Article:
What is College For?

… and What is Education for, for that Matter?

It seems easier and easier to question the residential four-year college experience–and the liberal arts bachelors degree that legitimizes it. With exorbitant tuition price tags and a highly challenging post-graduate labor market, college may seem an unnecessary luxury. At worst, it may simply be an expensive way for families to encourage self-indulgence in their children who are on the verge of adulthood. Indeed, the fiscal and political pressures on four-year college programs–regardless of whether they are in state universities and colleges or part of private institutions, whether they are highly selective and have high tuition or are more accessible to a wider range of applicants–are enormous. Is college education worth the upfront cost … and does the content and form of that education really buy you a rich source of healthy, lifelong dividend-yielding capital–in the form of maturation, knowledge, problem-solving skills, and values–that will make it a really smart investment?

Continue reading What is College For?

What do Anthropologists Have in Common?

by Aaron Jonas Stutz

The "Medawar Zone"--as dubbed by ecologist Craig Loehle (1990)--refers to the scientific sweet spot between theoretical and methodological difficulty (horizontal axis) and methodological yield, in terms of increasing knowledge, clarity of description, and power of explanation or prediction (y-axis). Because knowledge and insight require comprehensible theories and effective methods, intellectual progress--however measured, whether by quantity or complexity of phenomena explained or by level of mutual academic understanding of a difficult-to-grasp phenomenon--is often confounded by a tangle of theory and method too simple to address new or more complex phenomena.
The “Medawar Zone”–as dubbed by ecologist Craig Loehle (1990)–refers to the scientific sweet spot between theoretical and methodological difficulty (horizontal axis) and methodological yield, in terms of increasing knowledge, clarity of description, and power of explanation or prediction (y-axis). Because knowledge and insight require comprehensible theories and effective methods, intellectual progress–however measured, whether by quantity or complexity of phenomena explained or by level of mutual academic understanding of a difficult-to-grasp phenomenon–is often confounded by a tangle of theory and method too simple to address new or more complex phenomena.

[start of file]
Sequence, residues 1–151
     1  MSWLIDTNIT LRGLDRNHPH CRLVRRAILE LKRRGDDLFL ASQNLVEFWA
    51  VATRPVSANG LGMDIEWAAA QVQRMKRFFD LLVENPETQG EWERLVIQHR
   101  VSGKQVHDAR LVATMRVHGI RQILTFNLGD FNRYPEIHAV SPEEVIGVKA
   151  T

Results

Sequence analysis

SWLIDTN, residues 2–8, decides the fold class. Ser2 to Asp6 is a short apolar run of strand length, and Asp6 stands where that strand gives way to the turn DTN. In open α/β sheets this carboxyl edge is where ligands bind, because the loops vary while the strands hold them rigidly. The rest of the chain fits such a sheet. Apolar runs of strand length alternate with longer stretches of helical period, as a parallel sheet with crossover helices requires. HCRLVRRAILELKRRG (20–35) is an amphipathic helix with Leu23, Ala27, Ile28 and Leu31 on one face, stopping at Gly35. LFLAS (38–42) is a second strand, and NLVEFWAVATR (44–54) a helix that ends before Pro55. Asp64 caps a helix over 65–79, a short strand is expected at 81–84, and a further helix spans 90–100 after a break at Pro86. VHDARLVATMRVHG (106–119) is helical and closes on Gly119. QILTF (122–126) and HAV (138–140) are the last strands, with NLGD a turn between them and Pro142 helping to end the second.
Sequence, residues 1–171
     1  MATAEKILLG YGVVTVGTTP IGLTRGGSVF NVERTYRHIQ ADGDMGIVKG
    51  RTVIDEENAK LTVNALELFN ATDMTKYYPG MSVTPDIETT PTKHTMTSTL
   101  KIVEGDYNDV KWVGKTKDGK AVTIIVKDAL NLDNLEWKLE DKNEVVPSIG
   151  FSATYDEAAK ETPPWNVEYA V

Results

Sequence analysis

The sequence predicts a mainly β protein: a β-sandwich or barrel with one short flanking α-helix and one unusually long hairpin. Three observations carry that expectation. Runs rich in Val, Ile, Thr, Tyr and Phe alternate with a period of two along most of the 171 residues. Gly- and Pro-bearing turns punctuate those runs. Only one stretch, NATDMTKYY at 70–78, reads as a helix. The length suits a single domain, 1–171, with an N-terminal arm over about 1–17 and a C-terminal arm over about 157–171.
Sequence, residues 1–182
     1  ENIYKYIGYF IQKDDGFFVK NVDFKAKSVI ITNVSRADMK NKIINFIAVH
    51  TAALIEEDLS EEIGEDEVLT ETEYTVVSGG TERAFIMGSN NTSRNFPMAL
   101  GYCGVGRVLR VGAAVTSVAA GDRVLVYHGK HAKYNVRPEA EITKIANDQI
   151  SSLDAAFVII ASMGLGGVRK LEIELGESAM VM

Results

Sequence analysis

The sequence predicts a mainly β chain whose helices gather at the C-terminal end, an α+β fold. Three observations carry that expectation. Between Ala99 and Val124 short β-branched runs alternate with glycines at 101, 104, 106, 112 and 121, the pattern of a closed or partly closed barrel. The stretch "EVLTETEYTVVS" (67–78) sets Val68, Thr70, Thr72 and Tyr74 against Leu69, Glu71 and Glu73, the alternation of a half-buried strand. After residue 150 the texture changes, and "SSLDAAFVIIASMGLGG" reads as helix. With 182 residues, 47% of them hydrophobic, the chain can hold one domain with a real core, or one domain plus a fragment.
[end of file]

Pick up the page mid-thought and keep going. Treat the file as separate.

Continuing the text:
Anthropologists of very different sorts–whether they focus on genetics, on prehistoric stone tool technologies, or on the ontology of sovereign power–have a similar trick. All anthropologists utilize methodologies that involve zooming out and studying aspects of humanity that we can’t easily grasp within the myopic experiences that we usually have of our lives and surroundings, as we constantly work to discipline our emotions and actions in responding to daily challenges, in setting goals, and juggling competing obligations. In doing so, anthropologists bring into focus surprisingly intimate details about us. With what Claude Lévi-Strauss (1992) called “the view from afar,” anthropologists document, compare, and investigate important biological or cultural structures and processes that are at work on the scales of populations, societies, and beyond. Yet, many of the larger-scale structures and processes that anthropologists document and seek to explain in even broader comparative or evolutionary perspectives involve finer-scale features: bodily biological functions (like giving birth), embodied technological acts (harvesting grain stalks with a sickle), intricately evocative practices (telling myths or performing rites). And each of these embodied human phenomena–spanning the physical boundaries of our bodies, from within cells to contemporary world systems, and reaching across temporal scales, from the nanoseconds of biochemical reactions, to the multi-generational impact of the built environment and landscape on ongoing social interactions and experiences, and even to the biological inheritance of highly conserved genetic regulatory growth systems that have been maintained and tweaked by ongoing natural selection since initially evolving hundreds of millions of years ago in the common ancestor we share with all other animals–is embedded in a dynamic, sometimes shifting non-nested hierarchical relationship to the environmental phenomena, which in turn act at multiple spatial and temporal scales. What is important here is that anthropologists observe biological and cultural features embedded in these complex multiscalar contexts. This is what gives anthropologists a clear focus on the intimate, while also yielding insight into the general. The anthropological view from afar has the peculiar advantage of surprising depth of field.